With limited funding from outside sources, UW campuses may have to look at raising tuition. It is typical for tuition to have a “modest” increase every year or two, said Board of Regents Vice President Chuck Pruitt.

UW Chancellor Biddy Martin has been relatively candid about the fact that tuition will probably rise at a higher rate than in recent years.

In an October meeting with local business leaders, Martin said with lower state funding, it will be “very difficult to maintain and enhance” UW’s reputation.

“I think it’s unrealistic to imagine that tuition won’t rise,” Martin said. “There’s just no way around it, especially at a moment like this.”

However, Giroux said the key is to maintain a balance between price and quality of a UW education.

“Value is function of both price and quality. We could freeze the price and cut into the quality,” Giroux said. “But we want to offer students a high value education at a fair price, and that’s just about finding the right balance.”

Through increased access to student loans and other forms of financial aid, Martin has said she hopes to keep UW affordable, despite the prospect of rising tuition.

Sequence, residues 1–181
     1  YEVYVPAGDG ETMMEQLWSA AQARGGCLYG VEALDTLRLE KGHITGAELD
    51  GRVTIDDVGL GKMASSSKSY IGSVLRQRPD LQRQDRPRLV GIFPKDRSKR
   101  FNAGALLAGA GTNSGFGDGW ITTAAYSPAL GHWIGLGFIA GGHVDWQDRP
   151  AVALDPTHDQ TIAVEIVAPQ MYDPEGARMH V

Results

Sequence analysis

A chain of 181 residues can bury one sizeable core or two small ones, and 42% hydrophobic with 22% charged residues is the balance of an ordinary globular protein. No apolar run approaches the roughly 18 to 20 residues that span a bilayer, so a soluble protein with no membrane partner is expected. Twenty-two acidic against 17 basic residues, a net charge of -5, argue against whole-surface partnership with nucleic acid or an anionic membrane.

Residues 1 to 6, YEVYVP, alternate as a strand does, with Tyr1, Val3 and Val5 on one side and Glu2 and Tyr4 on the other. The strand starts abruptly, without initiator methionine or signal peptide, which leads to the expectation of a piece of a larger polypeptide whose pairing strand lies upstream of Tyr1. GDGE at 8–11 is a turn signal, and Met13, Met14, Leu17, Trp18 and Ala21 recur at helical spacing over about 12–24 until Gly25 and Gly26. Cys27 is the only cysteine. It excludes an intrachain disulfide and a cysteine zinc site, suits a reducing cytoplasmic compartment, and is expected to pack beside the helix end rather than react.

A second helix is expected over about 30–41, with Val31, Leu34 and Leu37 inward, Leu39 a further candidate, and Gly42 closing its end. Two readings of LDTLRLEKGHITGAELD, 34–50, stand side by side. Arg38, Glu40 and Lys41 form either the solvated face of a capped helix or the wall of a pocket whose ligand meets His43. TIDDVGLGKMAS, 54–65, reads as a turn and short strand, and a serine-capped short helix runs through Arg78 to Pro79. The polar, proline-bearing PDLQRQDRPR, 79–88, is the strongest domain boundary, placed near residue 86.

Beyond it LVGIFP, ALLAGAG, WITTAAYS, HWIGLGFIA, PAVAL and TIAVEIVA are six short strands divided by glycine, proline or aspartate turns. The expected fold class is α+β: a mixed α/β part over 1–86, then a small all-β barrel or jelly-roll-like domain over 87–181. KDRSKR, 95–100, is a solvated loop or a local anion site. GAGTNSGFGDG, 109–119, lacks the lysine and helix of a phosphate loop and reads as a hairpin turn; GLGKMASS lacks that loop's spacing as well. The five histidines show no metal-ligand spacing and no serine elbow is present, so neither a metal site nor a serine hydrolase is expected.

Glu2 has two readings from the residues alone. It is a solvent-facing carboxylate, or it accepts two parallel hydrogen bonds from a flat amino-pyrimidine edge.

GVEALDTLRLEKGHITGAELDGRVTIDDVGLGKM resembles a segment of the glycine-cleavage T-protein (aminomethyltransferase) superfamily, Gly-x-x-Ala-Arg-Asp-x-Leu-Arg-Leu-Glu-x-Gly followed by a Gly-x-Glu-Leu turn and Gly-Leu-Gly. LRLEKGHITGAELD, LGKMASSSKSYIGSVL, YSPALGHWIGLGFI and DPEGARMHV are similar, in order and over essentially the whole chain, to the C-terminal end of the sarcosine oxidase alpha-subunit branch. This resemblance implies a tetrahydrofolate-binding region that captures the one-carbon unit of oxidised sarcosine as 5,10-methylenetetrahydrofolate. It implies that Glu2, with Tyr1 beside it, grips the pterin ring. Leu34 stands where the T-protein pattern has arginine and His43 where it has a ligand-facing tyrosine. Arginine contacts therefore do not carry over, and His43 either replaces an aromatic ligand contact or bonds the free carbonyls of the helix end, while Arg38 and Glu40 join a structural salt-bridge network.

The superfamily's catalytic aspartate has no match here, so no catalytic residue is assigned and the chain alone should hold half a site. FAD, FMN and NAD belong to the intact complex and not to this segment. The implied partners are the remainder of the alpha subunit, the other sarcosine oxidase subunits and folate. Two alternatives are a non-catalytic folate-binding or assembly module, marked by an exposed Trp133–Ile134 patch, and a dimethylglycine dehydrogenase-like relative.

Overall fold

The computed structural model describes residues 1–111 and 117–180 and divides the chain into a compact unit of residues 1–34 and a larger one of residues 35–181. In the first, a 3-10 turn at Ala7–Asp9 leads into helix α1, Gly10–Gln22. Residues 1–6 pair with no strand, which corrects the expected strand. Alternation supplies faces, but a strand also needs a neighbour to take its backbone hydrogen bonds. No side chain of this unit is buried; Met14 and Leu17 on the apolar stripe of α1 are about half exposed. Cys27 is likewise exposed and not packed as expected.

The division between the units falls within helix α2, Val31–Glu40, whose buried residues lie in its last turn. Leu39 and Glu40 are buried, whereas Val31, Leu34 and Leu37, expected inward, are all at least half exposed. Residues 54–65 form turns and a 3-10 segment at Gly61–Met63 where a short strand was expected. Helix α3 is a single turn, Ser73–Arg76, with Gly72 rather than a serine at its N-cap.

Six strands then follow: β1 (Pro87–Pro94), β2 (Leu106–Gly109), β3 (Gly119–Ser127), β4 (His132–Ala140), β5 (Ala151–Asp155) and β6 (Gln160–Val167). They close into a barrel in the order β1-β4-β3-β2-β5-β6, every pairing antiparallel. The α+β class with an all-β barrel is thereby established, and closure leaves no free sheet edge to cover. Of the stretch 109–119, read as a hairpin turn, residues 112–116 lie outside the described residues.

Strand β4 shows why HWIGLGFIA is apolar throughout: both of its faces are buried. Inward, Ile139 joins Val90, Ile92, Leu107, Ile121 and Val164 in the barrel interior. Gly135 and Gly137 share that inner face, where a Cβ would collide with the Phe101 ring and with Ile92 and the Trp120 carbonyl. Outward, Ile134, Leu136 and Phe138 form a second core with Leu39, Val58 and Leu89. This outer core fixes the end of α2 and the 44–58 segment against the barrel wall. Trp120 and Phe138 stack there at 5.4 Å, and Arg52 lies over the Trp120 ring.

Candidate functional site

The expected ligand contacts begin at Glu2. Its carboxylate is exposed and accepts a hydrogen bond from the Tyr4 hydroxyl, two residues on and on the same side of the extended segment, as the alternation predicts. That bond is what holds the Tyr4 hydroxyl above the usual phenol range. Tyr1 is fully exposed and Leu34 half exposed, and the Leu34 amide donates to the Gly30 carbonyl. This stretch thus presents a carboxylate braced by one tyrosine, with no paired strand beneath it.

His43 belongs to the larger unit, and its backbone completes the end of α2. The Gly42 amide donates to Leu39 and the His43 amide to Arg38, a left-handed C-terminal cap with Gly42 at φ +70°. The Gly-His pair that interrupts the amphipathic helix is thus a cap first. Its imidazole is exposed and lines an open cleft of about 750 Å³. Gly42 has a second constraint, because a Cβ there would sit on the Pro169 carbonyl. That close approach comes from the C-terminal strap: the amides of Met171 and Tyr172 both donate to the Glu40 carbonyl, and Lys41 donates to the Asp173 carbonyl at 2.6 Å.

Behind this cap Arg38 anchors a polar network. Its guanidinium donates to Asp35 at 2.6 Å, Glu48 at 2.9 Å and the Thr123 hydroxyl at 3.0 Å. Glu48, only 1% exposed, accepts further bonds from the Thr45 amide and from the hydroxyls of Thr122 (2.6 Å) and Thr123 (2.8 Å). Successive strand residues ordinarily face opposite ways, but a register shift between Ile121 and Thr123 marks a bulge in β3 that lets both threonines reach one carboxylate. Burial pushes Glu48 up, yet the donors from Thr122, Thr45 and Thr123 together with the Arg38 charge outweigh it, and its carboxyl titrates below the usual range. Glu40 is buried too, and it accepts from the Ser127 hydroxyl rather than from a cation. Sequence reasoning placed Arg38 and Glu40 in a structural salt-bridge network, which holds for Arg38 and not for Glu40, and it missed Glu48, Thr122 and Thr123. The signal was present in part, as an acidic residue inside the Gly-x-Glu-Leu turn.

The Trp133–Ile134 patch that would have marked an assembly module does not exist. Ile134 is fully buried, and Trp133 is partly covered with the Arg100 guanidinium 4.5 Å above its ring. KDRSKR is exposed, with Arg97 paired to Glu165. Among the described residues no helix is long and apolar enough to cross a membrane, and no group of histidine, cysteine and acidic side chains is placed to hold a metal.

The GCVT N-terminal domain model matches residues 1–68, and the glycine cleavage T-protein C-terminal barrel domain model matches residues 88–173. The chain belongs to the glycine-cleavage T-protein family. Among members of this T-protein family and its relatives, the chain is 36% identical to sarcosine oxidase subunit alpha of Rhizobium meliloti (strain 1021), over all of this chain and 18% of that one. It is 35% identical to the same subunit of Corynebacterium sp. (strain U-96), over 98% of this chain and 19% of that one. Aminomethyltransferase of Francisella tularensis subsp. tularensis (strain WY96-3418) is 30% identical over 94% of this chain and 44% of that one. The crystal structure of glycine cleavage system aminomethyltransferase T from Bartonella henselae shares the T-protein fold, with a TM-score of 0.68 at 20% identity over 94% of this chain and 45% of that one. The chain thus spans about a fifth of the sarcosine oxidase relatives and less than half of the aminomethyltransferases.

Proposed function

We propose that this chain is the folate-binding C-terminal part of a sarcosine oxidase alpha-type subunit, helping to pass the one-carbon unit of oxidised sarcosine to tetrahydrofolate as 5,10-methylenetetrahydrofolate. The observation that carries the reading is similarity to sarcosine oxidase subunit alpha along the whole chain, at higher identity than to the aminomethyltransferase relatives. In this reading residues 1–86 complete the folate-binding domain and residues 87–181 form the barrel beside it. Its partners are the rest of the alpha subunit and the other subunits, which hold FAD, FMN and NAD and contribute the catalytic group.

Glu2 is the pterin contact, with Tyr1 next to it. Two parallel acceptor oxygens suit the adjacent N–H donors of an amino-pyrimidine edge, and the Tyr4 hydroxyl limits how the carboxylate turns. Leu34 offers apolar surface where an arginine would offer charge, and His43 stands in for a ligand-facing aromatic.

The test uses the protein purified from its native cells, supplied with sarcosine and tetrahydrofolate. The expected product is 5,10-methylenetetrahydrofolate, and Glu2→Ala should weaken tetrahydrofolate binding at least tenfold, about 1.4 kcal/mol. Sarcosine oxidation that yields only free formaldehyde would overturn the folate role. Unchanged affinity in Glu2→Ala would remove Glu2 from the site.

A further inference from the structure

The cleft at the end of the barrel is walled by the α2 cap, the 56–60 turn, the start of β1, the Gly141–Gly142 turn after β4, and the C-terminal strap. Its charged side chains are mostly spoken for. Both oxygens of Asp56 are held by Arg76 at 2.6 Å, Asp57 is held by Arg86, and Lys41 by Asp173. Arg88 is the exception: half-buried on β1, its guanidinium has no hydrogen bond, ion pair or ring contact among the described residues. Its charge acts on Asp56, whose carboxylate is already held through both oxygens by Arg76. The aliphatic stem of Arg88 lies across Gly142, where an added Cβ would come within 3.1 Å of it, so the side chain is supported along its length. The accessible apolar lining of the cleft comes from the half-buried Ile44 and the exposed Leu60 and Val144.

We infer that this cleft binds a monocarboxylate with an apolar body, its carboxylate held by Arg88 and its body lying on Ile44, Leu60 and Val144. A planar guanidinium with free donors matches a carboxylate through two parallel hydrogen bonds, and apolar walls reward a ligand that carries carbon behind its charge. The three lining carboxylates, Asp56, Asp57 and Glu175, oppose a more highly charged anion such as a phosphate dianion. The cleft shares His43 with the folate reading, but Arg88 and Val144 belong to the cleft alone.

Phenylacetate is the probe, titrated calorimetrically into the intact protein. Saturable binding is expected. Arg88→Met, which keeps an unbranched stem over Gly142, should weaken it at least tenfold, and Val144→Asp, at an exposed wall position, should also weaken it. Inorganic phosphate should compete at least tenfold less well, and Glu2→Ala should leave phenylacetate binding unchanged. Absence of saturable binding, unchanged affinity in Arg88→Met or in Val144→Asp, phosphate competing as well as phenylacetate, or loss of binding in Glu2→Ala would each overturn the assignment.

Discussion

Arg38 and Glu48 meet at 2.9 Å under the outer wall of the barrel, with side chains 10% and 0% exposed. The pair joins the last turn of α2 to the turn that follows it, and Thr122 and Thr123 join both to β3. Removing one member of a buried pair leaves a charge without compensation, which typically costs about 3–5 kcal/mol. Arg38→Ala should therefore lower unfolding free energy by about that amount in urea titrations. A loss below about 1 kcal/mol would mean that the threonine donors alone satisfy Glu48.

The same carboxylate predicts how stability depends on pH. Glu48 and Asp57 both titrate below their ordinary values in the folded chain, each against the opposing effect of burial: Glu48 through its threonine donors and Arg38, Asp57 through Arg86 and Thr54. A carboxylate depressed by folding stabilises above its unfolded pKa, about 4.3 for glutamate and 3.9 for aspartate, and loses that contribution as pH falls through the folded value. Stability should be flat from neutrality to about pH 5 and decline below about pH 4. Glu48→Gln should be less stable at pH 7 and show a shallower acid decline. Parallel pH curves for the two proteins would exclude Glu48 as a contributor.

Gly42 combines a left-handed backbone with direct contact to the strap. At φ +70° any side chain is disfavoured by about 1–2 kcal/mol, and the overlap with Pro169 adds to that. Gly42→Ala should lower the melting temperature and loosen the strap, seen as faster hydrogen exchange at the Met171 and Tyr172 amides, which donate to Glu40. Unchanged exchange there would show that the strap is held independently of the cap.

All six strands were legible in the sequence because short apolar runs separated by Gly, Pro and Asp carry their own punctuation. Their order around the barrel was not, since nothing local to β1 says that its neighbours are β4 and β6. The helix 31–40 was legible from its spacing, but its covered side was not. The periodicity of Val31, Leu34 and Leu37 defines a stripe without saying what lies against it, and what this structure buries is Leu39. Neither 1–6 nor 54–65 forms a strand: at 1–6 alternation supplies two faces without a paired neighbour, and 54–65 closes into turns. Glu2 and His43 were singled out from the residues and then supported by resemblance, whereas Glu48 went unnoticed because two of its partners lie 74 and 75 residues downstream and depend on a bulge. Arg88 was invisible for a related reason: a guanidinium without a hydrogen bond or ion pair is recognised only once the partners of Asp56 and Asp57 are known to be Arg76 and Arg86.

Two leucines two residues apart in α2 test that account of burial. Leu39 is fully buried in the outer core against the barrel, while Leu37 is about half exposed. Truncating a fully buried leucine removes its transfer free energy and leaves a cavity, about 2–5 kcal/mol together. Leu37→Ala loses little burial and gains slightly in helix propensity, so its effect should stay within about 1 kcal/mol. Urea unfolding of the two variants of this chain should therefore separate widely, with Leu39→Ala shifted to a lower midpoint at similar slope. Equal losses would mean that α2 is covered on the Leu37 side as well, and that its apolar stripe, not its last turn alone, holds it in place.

Pruitt echoed Martin’s sentiments.

“We are really committed to make sure UW-Madison and all the other UW institutions continue to be affordable options for students and their families,” Pruitt said.

However, Bazzell said UW won’t know its exact actions until Doyle’s budget is released next month and until then is playing the “waiting game.”

“We’re going to look at great interest with what happens at the state level in terms of funding and how the budget gets together,” Pruitt said.

Leave a Comment
Donate to The Badger Herald

Your donation will support the student journalists of University of Wisconsin-Madison. Your contribution will allow us to purchase equipment and cover our annual website hosting costs.

More to Discover
Donate to The Badger Herald

Comments (0)

All The Badger Herald Picks Reader Picks Sort: Newest

Your email address will not be published. Required fields are marked *